The Danish-based Ohrt says: "Of course, the moment the law was changed to allow over-the-counter healthcare product advertising, that generated business. When you have a whole category that cannot advertise, I'm afraid that regulation does affect our business negatively. For example, a ban on advertising toys or computer games to children tomorrow would definitely affect our business."

A caring approach?

Regulation of advertising stems from a paternal instinct at government level across the region, based upon the assumption that regulation of advertising will improve society.

The term "nanny state", which is often levelled at Scandinavian countries, has become something its citizens simply shrug off as a mixture of envy and cultural misunderstanding.

Envy because the region is booming economically and takes care of its citizens with the most generous (though expensive) welfare provision in the world. For example, the 1956 National Insurance Act in Norway has guaranteed statutory rights to paid leave for new parents, with new mothers given 12 months off work on 80 per cent pay, or ten months with full pay, which the father may take instead of the mother (by law, he must take at least four weeks off to spend with his new baby).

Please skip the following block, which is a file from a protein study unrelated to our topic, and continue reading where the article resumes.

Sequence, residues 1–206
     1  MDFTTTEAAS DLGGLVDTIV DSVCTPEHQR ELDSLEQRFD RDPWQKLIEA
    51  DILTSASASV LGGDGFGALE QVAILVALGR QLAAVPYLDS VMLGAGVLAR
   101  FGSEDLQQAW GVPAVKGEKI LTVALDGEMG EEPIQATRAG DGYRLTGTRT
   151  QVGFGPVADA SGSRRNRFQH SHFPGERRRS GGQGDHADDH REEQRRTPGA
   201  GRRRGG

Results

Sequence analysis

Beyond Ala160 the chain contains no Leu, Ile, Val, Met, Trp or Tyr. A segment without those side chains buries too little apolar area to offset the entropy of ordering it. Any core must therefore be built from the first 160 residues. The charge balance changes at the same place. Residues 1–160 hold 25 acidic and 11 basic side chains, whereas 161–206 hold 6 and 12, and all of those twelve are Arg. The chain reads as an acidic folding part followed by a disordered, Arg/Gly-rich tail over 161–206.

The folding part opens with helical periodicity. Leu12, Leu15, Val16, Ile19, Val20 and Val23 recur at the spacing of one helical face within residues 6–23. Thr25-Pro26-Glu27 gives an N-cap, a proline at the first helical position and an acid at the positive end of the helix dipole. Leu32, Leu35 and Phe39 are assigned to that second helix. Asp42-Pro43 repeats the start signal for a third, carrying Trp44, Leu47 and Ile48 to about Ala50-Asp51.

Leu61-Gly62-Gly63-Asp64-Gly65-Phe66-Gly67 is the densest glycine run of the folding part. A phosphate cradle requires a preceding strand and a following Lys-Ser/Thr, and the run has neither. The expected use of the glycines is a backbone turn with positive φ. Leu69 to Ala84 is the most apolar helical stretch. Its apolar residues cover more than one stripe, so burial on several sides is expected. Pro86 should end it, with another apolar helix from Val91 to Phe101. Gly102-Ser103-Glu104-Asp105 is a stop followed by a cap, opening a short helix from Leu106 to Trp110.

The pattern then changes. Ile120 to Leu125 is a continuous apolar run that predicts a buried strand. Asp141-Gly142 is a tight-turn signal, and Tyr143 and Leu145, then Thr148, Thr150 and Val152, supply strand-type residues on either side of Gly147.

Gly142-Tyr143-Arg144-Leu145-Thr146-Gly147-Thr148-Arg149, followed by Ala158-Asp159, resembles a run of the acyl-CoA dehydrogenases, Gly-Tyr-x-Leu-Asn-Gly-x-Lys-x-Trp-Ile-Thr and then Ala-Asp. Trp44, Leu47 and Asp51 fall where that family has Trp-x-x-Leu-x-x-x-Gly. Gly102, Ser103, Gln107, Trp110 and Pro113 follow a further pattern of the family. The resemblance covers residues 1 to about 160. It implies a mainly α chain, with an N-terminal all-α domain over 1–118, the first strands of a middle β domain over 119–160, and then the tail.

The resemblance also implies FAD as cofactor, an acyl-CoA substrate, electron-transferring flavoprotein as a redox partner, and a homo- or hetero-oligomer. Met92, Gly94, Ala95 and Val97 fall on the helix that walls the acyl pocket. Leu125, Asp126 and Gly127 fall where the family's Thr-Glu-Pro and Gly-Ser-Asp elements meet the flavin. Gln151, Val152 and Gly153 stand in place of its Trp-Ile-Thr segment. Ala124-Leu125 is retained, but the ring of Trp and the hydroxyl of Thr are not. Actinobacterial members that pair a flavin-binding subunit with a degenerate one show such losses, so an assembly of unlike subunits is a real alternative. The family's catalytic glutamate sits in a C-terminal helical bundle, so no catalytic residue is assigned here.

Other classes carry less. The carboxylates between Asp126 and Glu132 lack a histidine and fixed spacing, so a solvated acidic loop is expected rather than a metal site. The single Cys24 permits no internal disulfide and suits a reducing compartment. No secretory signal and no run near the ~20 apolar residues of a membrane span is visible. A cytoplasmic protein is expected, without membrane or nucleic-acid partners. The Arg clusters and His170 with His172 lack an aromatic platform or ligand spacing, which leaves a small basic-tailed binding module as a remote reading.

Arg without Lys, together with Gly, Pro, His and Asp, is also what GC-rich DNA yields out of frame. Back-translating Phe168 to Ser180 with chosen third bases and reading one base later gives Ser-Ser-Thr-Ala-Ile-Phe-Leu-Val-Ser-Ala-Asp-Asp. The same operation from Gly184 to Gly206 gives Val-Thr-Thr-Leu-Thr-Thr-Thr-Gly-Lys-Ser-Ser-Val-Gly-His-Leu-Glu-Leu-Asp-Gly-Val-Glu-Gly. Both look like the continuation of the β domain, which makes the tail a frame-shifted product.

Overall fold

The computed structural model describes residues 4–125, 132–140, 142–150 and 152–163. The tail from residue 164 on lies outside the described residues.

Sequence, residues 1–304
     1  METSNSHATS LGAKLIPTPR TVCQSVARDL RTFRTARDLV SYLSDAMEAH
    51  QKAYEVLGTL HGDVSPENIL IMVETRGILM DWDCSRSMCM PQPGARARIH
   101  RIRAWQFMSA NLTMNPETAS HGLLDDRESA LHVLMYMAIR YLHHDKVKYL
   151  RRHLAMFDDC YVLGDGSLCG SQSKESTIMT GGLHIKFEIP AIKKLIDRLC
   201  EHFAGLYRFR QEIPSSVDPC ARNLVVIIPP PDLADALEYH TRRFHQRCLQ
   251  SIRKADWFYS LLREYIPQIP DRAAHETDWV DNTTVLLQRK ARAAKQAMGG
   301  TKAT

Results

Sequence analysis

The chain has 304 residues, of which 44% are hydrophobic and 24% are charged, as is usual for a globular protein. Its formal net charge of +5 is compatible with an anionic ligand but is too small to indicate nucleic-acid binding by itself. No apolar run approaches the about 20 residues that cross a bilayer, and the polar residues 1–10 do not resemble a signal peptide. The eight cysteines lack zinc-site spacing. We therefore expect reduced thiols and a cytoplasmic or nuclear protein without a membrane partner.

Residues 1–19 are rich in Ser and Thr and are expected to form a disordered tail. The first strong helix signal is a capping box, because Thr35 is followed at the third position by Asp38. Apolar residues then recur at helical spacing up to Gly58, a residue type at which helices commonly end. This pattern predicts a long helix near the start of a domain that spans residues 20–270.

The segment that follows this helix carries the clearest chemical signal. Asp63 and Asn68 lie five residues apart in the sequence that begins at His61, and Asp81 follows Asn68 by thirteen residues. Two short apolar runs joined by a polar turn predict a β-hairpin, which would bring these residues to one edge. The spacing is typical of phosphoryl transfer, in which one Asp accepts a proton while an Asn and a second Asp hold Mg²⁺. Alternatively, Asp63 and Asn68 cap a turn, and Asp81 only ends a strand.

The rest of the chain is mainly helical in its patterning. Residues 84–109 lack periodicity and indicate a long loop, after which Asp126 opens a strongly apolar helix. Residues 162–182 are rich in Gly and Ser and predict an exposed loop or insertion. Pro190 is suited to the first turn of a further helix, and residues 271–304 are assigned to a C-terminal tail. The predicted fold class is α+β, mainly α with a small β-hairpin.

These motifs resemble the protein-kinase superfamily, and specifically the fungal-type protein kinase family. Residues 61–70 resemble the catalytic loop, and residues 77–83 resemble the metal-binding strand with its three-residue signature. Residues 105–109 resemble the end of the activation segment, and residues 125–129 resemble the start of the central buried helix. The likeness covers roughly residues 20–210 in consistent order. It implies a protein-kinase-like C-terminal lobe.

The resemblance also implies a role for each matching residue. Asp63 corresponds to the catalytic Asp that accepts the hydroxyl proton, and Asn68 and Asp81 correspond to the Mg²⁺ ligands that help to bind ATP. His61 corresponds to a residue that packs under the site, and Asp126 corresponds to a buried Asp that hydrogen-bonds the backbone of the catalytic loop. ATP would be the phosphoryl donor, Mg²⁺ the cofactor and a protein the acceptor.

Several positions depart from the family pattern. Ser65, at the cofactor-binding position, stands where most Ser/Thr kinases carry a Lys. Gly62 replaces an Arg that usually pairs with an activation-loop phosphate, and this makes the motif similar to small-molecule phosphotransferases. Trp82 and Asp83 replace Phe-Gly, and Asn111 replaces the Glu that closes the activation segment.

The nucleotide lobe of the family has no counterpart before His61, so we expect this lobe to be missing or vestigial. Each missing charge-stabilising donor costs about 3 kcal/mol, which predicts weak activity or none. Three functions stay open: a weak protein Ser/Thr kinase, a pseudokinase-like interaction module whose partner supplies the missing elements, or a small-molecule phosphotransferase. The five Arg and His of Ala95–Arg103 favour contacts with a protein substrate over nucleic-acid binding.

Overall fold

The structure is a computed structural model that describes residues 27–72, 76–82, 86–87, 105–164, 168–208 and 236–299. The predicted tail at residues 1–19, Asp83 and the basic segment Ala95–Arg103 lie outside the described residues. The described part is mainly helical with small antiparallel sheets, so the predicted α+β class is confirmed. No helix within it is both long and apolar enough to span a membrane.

This "caring" attitude - endemic to the political and social culture - is reflected in the way the region's ad industry is regulated. Ohrt says: "The culture is more pro-caring than anti-advertising - that is the real reason why we are so heavily regulated."

In neighbouring Sweden, Frank Hollingworth, the creative director of King, agrees that the moral basis of much of the regulation is strong enough to find support in the industry. He says: "The ban on advertising to children is a pretty good law. In our culture, you shouldn't persuade children to buy things from you."

While Hollingworth doesn't be-lieve Sweden's ad industry is over- regulated, he takes issue with the government's view of advertising in general - the Swedish Government is debating outlawing sexism in advertising (Campaign, 12 February).

"In some ways, the government has got it all upside down," he says. "It seems to believe that society takes after advertising. In fact, advertising is just a reflection of society. We didn't, for example, invent sexism. By banning sexist advertising, it thinks it can do something about the problem. The government doesn't seem to understand that things like this are deeper within people. Advertising won't change this."

Pan-Nordic campaigns

One of the biggest hurdles to regional expansion, besides regulation, is the cost of creating four unique campaigns for a region populated by only 25 million people. The region's advertising executives are swift to point out that although Denmark is next door to Sweden, the cultures are remarkably different, demanding a tailored solution for each. Equally, the people of mountainous Norway have a very different lifestyle from those of either of its neighbours, and although Finland may be just north of Sweden and bordering Russia, its culture is distinct.